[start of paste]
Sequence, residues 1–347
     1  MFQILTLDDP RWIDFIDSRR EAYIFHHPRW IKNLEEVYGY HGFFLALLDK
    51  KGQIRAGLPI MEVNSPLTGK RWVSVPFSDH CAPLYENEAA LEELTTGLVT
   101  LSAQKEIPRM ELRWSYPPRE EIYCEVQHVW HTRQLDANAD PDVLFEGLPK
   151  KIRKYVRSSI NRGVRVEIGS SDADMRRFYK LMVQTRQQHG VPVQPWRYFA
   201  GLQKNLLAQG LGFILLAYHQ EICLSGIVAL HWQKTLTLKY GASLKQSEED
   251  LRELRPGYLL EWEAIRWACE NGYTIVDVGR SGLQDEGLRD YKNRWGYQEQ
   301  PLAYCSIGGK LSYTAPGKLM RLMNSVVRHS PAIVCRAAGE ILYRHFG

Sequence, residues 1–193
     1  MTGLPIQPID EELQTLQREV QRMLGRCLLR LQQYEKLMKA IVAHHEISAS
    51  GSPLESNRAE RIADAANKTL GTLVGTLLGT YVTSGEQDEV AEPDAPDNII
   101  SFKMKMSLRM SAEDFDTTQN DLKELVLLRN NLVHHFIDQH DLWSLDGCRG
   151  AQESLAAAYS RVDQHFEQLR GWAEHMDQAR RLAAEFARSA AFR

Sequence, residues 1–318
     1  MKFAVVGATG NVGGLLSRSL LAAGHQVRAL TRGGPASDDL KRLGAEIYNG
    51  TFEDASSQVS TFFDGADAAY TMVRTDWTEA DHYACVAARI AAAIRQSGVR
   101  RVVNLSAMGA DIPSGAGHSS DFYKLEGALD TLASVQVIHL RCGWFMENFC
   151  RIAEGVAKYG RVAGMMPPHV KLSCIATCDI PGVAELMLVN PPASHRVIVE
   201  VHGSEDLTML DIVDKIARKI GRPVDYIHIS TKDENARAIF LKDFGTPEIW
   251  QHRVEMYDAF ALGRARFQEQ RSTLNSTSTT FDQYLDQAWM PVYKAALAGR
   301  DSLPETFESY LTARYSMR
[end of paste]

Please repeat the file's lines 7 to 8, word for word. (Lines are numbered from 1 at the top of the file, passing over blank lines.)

   251  LRELRPGYLL EWEAIRWACE NGYTIVDVGR SGLQDEGLRD YKNRWGYQEQ
   301  PLAYCSIGGK LSYTAPGKLM RLMNSVVRHS PAIVCRAAGE ILYRHFG